Latest approvals include Reed Watts' refurbishment of a brutalist school hall, a co-working hub by IF_DO and a Passivhaus leisure centre in Staines
Acland Burghley School – assembly hall refurbishment
Reed Watts is set to extend a Howell Killick Partridge & Amis (HKPA) designed grade II listed school, having recently received listed building consent and planning permission to refurbish and extend the brutalist assembly hall. When the hall first opened in 1968, Architect and Building News said: 'Hexagonal in shape, the hall is "doubled ended" to serve any number of functions, from straight lectures to boxing matches to full-length operatic performances. Great attention has been paid, therefore, to acoustic and lighting detail which must be some of the best in the country.'
Fifty-five years later, that acoustic and lighting tech is not so cutting edge, and both are set to be massively improved. Spatially and in material, however, the building will fundamentally remain as originally conceived. Works will primarily improve circulation and connection between the hall and outside spaces, as well as offering a new changing area and accessible WCs. Architect Matt Watts said that the building 'represents a heroic period in both educational thinking and architectural design', adding that, as an architect, it was his job 'to respect these while addressing current issues such as energy use and access for the widest possible range of users'.
Those users are not only the students, for whom it acts as the main assembly and performance space, but also the Orchestra of the Age of Enlightenment, which is also based at the school. The orchestra will use the modified space for rehearsals and a continuation of existing community and student outreach.
HKPA's founding architects met while working on the Aston West estate for London County Council, and a similar consideration for the landscape setting carries through to this project. Trees surrounding the hall have now matured, as has the simple but functional external amphitheatre, which will have loose stones and mortar repaired and new electrics added to enable it to be used as the cultural landscape HKPA originally intended.
IF_DO community hub
Covid-19 has forced some projects to curtail or narrow their public engagement, with certain local authorities criticised for shifting 'consultation' for estate demolition to online-only, impeding engagement for communities with low digital access. Faced with the conundrum of a collaborative design process over a period of lockdowns, social distancing and anxiety, IF_DO reached out to local residents with a leaflet drop of 5,000 flyers between October 2020 and last February, specifically looking for a 'radical inclusivity' with the local communities. This led to workshops, interviews, idea development sessions, cooking events and story-telling with a range of local residents and stakeholders.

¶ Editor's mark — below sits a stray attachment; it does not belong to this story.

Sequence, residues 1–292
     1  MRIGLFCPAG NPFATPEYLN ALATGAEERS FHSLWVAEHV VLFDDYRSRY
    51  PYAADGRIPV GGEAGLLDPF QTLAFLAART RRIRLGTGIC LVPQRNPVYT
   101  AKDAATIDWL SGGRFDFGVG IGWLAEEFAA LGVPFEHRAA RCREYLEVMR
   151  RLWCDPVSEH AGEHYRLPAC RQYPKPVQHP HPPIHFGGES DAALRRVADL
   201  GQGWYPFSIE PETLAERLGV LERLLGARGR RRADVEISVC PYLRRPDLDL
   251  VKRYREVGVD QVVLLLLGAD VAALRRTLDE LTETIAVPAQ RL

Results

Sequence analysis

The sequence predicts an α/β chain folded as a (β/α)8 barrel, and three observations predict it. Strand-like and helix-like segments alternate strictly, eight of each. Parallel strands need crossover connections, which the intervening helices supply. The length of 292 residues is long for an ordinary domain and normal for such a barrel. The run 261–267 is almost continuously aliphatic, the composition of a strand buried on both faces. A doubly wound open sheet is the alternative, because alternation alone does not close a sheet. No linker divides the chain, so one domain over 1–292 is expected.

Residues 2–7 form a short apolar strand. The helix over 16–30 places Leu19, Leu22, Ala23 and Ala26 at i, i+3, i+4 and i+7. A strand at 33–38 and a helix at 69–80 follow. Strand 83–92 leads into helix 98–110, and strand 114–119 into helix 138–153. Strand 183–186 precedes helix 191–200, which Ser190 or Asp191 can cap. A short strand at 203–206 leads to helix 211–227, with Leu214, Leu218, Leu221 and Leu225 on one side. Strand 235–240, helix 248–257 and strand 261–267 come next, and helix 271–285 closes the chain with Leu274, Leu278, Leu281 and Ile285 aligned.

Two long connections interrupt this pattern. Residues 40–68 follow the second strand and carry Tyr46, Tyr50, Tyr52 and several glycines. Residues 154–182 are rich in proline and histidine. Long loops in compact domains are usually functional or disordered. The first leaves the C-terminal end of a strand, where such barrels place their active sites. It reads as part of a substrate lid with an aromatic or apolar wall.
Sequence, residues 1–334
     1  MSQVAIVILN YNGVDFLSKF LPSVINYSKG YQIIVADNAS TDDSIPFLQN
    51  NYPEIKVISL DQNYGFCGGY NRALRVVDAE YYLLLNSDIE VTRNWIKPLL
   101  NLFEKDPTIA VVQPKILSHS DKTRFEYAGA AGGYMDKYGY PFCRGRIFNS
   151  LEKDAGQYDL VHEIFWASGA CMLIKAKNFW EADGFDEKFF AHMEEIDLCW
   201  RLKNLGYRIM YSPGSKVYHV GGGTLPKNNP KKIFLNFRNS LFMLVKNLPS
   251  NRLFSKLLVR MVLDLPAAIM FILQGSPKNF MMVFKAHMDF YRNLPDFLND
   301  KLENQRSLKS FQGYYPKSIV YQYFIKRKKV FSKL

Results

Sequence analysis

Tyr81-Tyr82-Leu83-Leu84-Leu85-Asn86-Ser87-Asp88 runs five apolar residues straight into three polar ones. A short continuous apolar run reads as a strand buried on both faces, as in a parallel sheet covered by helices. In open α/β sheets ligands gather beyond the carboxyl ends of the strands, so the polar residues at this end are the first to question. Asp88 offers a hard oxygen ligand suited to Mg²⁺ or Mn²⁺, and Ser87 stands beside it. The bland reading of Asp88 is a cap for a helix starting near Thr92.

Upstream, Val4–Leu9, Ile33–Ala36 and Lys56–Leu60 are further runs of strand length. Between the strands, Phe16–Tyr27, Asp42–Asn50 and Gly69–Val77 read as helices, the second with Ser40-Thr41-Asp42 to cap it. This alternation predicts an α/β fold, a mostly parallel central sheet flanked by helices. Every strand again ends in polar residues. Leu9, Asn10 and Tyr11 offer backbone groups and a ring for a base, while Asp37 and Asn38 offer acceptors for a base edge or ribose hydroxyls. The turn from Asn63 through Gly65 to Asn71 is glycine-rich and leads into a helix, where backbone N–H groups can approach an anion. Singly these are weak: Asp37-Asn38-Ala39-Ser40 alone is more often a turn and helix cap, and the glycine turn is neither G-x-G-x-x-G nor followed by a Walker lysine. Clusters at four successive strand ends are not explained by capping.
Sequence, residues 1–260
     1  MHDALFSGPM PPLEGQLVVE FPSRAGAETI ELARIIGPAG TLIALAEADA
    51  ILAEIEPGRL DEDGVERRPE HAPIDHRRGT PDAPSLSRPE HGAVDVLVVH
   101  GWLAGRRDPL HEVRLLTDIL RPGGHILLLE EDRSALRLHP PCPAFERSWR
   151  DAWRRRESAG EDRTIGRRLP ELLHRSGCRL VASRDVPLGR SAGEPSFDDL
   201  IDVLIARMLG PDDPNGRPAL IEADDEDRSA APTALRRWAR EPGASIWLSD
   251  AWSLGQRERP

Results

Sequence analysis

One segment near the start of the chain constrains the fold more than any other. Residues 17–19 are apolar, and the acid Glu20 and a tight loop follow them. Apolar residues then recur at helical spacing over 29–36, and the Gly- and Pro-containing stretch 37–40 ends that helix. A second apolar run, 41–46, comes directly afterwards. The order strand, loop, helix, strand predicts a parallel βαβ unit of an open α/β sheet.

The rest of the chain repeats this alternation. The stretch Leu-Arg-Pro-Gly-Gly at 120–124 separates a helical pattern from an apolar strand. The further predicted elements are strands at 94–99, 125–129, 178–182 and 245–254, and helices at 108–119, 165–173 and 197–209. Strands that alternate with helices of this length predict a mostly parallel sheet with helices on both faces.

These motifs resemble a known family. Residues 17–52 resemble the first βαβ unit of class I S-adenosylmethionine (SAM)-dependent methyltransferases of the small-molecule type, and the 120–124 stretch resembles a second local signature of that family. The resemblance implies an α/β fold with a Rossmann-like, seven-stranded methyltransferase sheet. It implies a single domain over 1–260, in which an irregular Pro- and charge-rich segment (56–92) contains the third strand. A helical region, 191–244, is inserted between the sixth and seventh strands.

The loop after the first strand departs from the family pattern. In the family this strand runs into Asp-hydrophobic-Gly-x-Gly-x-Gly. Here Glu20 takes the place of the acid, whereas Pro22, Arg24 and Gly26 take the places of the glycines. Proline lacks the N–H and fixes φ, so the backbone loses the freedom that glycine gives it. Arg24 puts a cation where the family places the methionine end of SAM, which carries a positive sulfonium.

The engagement process also included taking on two local 'young producers', 23-year-old Carlos and 25-year-old Isha, who worked with local designer CM Studio to develop the brand and identity of the hub. This led not only to practical ideas from the naming of rooms to the laying-out of public space, but also to consideration of how the centre will connect to the area's existing and new communities.
The building itself, The Yard, will transform a locally listed asset set off the main road, incorporating the neoclassical facade of a 19th-century Tottenham brewery building into a community enterprise hub, café, event space and low-cost co-working area. A mesh facade with a vertical rhythm – referencing the doric column entablature of the historic part – wraps around a central atrium and two taller blocks containing offices and co-working spaces of various sizes, topped off with a sedum roof and photovoltaic panels.